But here’s what hit me—there’s a scene midway through the film in which a crowd of Harvard students are gathered in some dingy dorm dive, hootin’ and hollerin’, drinking shots, smokin’ weed, while four or five kids sit at a table, wired, networked and plugged into their laptops, wildly coding, try to hack their way through a computer labyrinth designed by Zuckerberg, testing their chops. First to correctly and successfully make it down the rabbit hole of this Wonderland wins an unpaid internship amongst the crazily talented coders of Facebook—a ground floor slot, a shot at changing the world. One of the kids makes it through, there’s a hush as Zuckerberg checks his work, then everybody goes nuts as he utters, “Welcome to Facebook.”

There it is—in 2003, technology was the coolest thing on campus—everybody was into it, because everybody was into it. Facebook was cool.

What’s remarkable about this scene to me is that if it had been 1970, forty long years ago, the weed-smokin’ kids in that dark dump in Cambridge would’ve been wielding guitars, jamming, trading riffs, scribbling subversive lyrics, marching on the streets and a-carrying signs because, back then, rock ‘n roll was the coolest thing—it was the big thing of that time. And those kids were looking for the next big thing—who was going to change the world, who was going to be the next Beatles or Dylan? Turned out, they were looking in all the wrong places.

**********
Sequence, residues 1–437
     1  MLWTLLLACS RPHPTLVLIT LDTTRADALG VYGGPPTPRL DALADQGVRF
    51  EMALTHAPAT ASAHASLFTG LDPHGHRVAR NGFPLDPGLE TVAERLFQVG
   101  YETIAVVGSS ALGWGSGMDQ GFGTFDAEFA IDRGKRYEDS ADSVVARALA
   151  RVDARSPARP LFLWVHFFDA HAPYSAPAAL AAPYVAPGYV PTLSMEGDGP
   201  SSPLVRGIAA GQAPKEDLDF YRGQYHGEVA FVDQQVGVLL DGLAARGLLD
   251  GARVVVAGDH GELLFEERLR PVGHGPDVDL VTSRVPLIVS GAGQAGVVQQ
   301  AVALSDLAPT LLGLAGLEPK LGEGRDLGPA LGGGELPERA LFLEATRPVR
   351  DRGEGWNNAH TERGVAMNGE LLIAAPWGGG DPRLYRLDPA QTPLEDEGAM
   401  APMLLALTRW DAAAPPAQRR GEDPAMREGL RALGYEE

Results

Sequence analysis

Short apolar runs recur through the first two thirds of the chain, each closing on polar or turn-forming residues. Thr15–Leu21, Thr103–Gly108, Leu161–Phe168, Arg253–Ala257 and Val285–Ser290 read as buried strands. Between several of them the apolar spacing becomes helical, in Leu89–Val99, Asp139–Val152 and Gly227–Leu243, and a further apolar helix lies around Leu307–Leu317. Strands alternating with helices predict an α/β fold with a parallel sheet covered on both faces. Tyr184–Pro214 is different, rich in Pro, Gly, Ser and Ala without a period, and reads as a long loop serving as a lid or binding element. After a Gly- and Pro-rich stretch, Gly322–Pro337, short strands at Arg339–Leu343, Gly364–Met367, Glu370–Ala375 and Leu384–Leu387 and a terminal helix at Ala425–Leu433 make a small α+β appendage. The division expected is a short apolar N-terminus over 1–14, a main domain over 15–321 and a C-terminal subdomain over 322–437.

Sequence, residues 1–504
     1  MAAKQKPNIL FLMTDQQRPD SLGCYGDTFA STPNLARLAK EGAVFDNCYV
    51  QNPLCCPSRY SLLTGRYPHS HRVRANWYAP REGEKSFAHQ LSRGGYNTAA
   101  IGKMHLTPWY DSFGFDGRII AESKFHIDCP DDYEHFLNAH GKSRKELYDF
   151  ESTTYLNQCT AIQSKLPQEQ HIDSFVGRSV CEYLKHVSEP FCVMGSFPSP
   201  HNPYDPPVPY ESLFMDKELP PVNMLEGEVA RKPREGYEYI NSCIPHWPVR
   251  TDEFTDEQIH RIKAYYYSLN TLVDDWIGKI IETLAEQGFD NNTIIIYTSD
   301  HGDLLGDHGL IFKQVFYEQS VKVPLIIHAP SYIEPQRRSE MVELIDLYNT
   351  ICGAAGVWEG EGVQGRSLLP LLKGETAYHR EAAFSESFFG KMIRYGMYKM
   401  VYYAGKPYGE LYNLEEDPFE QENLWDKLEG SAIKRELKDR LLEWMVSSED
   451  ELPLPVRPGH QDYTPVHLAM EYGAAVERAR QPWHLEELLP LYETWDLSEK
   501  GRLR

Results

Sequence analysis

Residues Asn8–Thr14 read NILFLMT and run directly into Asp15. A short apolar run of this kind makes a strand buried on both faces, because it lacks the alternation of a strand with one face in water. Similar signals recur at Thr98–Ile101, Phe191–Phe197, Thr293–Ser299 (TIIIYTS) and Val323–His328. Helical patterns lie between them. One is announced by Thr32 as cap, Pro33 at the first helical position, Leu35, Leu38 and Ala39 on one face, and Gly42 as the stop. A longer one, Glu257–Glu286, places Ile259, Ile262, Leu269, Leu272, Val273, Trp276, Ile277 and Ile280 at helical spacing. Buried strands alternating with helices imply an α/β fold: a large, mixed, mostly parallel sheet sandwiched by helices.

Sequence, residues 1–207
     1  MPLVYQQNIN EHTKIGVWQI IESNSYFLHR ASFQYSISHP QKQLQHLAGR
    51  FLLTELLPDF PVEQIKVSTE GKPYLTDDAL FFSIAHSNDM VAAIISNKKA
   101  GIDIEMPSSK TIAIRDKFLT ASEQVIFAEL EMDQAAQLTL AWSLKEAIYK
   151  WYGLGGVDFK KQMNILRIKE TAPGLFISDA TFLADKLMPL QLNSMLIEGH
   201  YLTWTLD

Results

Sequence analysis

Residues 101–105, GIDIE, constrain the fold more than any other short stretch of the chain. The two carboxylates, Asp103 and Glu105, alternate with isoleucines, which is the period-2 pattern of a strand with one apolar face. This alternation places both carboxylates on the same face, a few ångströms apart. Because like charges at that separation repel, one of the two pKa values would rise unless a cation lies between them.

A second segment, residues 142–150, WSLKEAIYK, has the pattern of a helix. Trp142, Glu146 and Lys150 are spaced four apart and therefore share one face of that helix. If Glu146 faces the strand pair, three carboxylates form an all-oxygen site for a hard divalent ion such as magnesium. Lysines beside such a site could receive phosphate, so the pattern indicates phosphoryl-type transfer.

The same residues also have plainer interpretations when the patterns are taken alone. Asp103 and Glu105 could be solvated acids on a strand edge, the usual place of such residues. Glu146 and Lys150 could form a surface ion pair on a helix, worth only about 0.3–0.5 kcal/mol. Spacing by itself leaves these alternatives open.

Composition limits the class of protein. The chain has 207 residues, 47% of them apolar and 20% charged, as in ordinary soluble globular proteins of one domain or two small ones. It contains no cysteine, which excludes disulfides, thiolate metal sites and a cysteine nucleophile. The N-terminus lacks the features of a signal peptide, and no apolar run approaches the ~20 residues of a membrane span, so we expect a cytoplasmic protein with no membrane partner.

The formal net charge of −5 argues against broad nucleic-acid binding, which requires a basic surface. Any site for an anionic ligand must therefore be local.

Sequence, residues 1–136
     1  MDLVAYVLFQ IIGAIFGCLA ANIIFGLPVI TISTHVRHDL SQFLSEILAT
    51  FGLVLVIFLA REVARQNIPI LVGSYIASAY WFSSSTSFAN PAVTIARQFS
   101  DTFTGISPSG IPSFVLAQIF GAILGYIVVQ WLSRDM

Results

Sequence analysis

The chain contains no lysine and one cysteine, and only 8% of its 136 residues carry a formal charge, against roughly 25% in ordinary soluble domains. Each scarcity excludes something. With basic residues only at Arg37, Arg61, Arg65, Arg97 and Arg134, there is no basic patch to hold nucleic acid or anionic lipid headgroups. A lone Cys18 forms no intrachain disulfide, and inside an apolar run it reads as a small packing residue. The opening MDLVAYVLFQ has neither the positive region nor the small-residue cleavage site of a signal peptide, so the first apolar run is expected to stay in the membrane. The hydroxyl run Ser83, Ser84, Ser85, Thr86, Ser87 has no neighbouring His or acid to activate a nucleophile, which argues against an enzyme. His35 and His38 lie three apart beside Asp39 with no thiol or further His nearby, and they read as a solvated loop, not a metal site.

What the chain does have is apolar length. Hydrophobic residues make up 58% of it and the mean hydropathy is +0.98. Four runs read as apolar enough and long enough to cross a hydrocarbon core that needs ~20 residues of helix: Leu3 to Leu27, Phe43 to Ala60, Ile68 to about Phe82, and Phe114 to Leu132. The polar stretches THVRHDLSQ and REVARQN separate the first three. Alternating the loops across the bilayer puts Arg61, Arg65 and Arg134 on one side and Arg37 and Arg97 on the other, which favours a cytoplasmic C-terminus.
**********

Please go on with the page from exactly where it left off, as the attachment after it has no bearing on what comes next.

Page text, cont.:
The next big thing of the last quarter of the 20th century, though we didn’t know it at the time, was happening in technologically subversive labs, basements and garages, mostly in California, what was to become Silicon Valley. Bob Metcalfe, the inventor of Ethernet, the computer network technology that interconnected every personal computer on the planet as the Internet exploded, came up with the network effect in 1974. His network enabled those new-fangled personal computers to communicate, share information, share a network. At the same time, Steve Jobs and Bill Gates, after thousands of hours of practicing their own technology riffs, choruses and tunes, built the machines that every one of us uses today. And thirty years later, Mark Zuckerberg picked up the tune, improvised on it and came up with the social network, the next big thing that everybody uses because everybody uses it. Changed the world.